Situated just off the coast of West Papua, Raja Ampat is a chain of 1,500 paradisiac jungle-clad islands heralded as one of the most biologically diverse marine habitats on earth. A medley of steep limestone isles cloaked in thick tropical jungle and edged with white sand beaches makes cruising Raja Ampat naturally beautiful, not to mention the diversity of coral and fish beneath the waves.
Cruises in this region can include the Spice Islands, Halmahera, Triton Bay and Cenderawasih Bay.
Often described as one of the most extraordinary environments on the planet, Raja Ampat is located off the northwest tip of Bird’s Head Peninsula on West Papua. The name translates as ‘Four Kings,’ referring to the main islands of Misool, Batanta, Waigeo and Salawati, which are in turn surrounded by 1,500 wild islands with pristine beaches and limestone cliffs plunging into aqua seas.
Above water, the islands’ cultural heritage is diverse, with prehistoric cave paintings and relics from bygone eras, while recent history is visible in cave bunkers and seabed wreckage from World War II. Intrepid visitors can trek through the jungle, learn about kampong life in local villages, visit sea turtle rookeries and pearl farms and explore the coastal mangroves by sea kayak.
Resounding with bird calls, the Raja Ampat archipelago houses the largest number of freshwater bird species in the region; parrots, hornbills, lorikeets, marbled frogmouths and the famous bird of paradise to name a few.
In the 1700s William Dampier reached the north western tip of Papua and travelled with the rising tide into the great channel that now bears his name. The Dampier Strait conveys massive quantities of seawater, forcing currents to flow parallel to the equator.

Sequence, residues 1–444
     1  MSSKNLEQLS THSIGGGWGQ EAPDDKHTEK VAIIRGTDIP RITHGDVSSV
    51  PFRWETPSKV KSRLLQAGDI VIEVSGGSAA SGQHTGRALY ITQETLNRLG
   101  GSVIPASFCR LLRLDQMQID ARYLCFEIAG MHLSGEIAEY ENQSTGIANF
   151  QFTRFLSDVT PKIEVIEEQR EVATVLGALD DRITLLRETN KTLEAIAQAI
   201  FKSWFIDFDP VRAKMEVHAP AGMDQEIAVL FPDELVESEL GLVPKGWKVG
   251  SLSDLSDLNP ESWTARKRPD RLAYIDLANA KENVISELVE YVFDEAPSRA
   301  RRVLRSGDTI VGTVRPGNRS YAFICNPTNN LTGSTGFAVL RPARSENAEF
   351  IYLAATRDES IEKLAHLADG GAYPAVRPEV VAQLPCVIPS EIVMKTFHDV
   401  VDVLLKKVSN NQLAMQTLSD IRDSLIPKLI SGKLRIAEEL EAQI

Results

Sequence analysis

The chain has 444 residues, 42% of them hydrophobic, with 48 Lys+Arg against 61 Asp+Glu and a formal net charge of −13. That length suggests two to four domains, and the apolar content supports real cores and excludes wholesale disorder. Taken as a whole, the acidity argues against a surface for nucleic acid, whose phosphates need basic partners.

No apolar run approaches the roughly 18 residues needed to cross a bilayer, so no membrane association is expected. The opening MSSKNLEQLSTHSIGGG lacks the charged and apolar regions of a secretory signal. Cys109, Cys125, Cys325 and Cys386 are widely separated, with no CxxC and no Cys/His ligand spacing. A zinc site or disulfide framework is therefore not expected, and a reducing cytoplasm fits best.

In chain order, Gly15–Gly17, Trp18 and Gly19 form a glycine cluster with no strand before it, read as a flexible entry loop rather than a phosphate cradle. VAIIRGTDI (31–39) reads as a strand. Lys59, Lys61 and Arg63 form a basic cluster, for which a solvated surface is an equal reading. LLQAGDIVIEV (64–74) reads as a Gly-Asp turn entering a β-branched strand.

Aside from some of the most spectacular diving on the planet, Raja Ampat also offers some secret breaks for surf aficionados in its more remote reaches, which can be discovered on a dedicated surf charter.
Raja Ampat comprises a massive total territory of 9.8 million acres over land and sea, and beneath the surface, it is recognised as the world’s most bio-diverse marine ecosystem with over 1,200 species of fish, 550 species of coral, and six of the world’s seven species of sea turtle.
SEASONS & GETTING HERE
Raja Ampat and the surrounding islands are best visited between November and April. A tropical climate means rain is not unexpected, but typically in short spells followed by hot, sunny days.
Raja Ampat is accessed through Sorong airport with direct daily flights from Jakarta. Upon arrival at Sorong airport, your yacht’s crew will collect you for a short 20-minute drive to the harbour.
For one-way itineraries, you may start or finish your trip in other destinations, such as the Spice Islands (Ambon airport), Halmahera (Ternate airport), West Papua (Kaimana and Nabire airports) and the Forgotten Islands (Saumlaki and Tual airports).